- Permissive: A permissive parent shows a lot of affection towards their child but provides little or no discipline. It is a less effective way of parenting. Parents in this category believe that ‘kids will be kids’ and often excuse bad behaviour. They don’t stick to set boundaries and often give in after their child begs them. Children of such parents are likely to have behavioural problems.
- Uninvolved: Uninvolved parents are parents who have little knowledge of what their children are doing. They set few rules and children receive little nurturing and guidance. Such children tend to have self-esteem issues and struggle with work at school.
Sometimes, parents could fit into two or more of these types of parenting. The important thing is to always maintain a good relationship with your child. Find what works for both parent and child. A parent should strive to maintain a healthy relationship with their child and still establish authority in a healthy manner.
I decided to treat smacking on its own because it’s a very controversial form of discipline. Smacking is hitting someone or something forcefully and deliberately with the hand or a weapon. Many parents smack their children with the belief that it’ll stop them from bad behaviour. Most parents that believe in smacking do so because they were smacked as children and it was effective on them.
While a lot of parents smack, it is important to know that it is illegal in some countries and if you smack a Child and are arrested, you’ll be prosecuted irrespective of the fact that it was done on your Child. In the United Kingdom, under Section 58 of the Children’s Act of 2004, smacking remains legal as long as it does not cause visible bruises, grazes, scratches, swelling or cuts.
Recently, Scotland became the 58th country to make smacking children illegal. Sweden was the first country to do so, bringing in the law in 1979, while Ireland banned smacking in 2015. Other countries include Isreal, Norway, Finland, South Africa, Austria, Denmark, Tunisia, Kenya, Peru, Congo etc.
People against smacking argue that allowing smacking “sends a message to our children that hitting someone is a way of resolving a dispute, or if you don’t like their behaviour”. They believe smacking is a form of violence and violence should never be acceptable in any setting”.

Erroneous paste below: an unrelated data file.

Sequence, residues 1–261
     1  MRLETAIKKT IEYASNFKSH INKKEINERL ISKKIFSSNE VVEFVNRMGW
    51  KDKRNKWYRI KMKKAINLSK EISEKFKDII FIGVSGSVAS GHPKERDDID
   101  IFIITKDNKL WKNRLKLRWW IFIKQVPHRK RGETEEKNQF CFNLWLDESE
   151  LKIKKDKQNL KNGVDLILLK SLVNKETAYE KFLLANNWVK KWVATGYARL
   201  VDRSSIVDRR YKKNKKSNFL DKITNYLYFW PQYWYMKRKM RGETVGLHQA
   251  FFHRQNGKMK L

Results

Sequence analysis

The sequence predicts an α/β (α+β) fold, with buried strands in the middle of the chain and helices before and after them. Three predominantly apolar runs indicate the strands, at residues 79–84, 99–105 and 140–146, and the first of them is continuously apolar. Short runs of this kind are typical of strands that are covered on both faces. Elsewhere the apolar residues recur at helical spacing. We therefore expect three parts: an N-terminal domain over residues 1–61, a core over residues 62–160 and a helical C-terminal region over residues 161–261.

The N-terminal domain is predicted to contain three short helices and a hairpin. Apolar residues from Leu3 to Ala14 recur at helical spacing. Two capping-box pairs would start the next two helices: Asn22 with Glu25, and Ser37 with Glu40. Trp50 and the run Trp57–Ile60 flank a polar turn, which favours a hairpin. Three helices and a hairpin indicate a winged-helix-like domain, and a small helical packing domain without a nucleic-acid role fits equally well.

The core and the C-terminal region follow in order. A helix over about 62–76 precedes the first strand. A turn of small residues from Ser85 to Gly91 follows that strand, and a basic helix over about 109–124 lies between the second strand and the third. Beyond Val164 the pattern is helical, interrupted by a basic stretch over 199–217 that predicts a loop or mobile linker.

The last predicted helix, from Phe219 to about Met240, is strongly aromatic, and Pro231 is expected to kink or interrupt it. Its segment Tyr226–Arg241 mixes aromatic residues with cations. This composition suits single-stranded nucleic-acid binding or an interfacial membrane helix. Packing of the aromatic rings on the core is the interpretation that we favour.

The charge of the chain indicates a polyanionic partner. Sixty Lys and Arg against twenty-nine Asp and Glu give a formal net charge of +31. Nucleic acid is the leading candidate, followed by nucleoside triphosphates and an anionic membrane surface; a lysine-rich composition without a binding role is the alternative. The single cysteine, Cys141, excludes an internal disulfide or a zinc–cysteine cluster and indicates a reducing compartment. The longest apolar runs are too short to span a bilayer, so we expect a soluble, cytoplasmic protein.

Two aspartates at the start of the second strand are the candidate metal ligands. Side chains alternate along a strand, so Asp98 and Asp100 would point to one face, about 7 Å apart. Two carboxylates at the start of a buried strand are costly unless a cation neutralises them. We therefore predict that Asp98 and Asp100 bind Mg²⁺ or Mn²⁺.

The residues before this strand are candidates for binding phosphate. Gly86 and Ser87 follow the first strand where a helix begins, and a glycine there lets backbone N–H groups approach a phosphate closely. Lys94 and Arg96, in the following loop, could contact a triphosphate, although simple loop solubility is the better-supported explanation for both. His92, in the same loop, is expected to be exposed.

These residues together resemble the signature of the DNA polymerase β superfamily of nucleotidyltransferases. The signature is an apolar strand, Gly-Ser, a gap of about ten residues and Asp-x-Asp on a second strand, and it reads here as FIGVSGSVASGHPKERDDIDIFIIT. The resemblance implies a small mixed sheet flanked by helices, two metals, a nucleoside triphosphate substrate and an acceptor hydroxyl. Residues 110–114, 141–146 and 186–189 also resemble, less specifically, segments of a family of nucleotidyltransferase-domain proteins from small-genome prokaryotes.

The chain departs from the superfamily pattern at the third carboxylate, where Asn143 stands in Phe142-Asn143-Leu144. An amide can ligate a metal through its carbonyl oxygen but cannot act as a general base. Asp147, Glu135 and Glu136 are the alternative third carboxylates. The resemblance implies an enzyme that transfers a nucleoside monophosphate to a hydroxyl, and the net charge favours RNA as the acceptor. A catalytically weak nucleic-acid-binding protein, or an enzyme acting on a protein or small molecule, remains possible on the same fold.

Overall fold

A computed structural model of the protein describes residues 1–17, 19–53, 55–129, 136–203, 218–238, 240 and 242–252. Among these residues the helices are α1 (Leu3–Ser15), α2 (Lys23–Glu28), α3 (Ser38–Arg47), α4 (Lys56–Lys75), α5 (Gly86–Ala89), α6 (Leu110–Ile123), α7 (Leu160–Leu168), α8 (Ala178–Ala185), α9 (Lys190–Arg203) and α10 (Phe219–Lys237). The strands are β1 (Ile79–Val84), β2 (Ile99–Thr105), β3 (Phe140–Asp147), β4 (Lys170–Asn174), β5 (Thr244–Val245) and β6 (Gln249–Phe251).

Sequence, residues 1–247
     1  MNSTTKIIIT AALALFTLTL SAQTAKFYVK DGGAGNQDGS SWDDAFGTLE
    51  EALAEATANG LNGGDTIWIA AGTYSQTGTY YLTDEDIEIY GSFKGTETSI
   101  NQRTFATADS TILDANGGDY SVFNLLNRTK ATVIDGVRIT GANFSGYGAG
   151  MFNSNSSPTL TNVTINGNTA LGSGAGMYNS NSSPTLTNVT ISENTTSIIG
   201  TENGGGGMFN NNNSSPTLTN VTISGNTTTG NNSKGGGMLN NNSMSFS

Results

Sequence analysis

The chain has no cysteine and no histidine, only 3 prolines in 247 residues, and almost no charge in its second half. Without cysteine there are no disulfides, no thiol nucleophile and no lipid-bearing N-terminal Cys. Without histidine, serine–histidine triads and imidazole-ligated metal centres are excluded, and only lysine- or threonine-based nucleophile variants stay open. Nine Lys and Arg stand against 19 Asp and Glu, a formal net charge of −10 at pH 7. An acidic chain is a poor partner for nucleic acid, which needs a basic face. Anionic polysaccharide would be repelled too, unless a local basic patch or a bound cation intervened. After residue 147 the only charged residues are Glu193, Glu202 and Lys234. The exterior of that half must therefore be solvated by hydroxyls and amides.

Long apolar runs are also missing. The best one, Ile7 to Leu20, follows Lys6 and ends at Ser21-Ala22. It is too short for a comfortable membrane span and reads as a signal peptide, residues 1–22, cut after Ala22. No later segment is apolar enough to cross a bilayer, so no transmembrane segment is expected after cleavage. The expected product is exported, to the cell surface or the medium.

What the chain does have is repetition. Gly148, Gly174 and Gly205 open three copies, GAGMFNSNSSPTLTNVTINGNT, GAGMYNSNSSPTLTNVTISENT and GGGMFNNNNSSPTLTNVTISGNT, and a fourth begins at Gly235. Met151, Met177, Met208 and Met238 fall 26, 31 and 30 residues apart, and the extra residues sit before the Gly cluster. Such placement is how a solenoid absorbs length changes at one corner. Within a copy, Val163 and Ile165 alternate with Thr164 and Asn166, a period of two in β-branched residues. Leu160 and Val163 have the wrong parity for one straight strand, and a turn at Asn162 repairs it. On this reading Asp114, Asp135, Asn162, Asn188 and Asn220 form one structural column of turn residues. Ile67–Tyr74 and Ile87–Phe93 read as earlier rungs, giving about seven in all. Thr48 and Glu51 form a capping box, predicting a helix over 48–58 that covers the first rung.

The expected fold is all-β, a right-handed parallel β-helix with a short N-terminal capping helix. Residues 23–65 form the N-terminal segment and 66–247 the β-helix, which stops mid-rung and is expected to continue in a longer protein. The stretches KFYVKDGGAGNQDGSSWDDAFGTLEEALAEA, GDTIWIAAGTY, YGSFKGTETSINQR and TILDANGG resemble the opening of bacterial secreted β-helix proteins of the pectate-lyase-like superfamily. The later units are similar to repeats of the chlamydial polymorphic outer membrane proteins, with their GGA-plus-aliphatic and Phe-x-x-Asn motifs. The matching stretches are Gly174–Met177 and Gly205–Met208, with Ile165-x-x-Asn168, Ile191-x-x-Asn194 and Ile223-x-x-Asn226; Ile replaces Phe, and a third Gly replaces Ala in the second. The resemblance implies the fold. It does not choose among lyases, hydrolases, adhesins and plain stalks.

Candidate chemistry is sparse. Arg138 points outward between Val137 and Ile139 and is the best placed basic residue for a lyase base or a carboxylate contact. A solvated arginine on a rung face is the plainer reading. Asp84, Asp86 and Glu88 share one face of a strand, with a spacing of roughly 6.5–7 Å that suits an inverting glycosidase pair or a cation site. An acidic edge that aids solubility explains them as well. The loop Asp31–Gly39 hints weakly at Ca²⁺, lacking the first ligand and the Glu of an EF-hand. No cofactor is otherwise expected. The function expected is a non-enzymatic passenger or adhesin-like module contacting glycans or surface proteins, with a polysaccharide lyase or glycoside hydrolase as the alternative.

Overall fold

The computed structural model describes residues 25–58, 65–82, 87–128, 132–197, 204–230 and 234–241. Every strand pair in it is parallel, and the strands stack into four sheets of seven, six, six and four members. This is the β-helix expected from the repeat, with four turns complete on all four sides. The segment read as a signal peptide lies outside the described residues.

My Opinion on Smacking
Smacking is not strange to me as I was smacked a few times as a child (we actually dreaded been scolded by my dad more). I rarely got into trouble as a child – not because I was such an angel but because I could talk myself out of most situations (thanks to boarding school). I have also smacked my Boys a few times but I think I threaten to smack more than the actual smacking – and it seems it works.
What I have discovered is that taking privileges works better for me. Just the threat of not getting their tablet over the weekend brings the Boys back to their senses. Smacking really is violence, my Boys threaten to smack themselves and actually do hit themselves sometimes which I believe is from the few times I’ve smacked them. Smacking may be fast and effective but could have longterm consequences. I, therefore, encourage other effective ways of correcting a Child.
The temperament of a child is important in determining the appropriate discipline. The type of inappropriate behaviour should also be considered as well as the child’s age. It helps to commend and reward good behaviour, this encourages them to continue being good. Avoid yelling (aren’t we all guilty) it serves no purpose. Yelling just gets everyone worked up and causes irrational reactions.
Most importantly, avoid criticism and comparison. Always correct not criticise, this is done by addressing the bad behaviour and not the child. Be careful with the words you use, words stay with children. If you keep telling them they’re bad or naughty they may start to believe it. Don’t condemn your child(ren). Lastly, correct in love.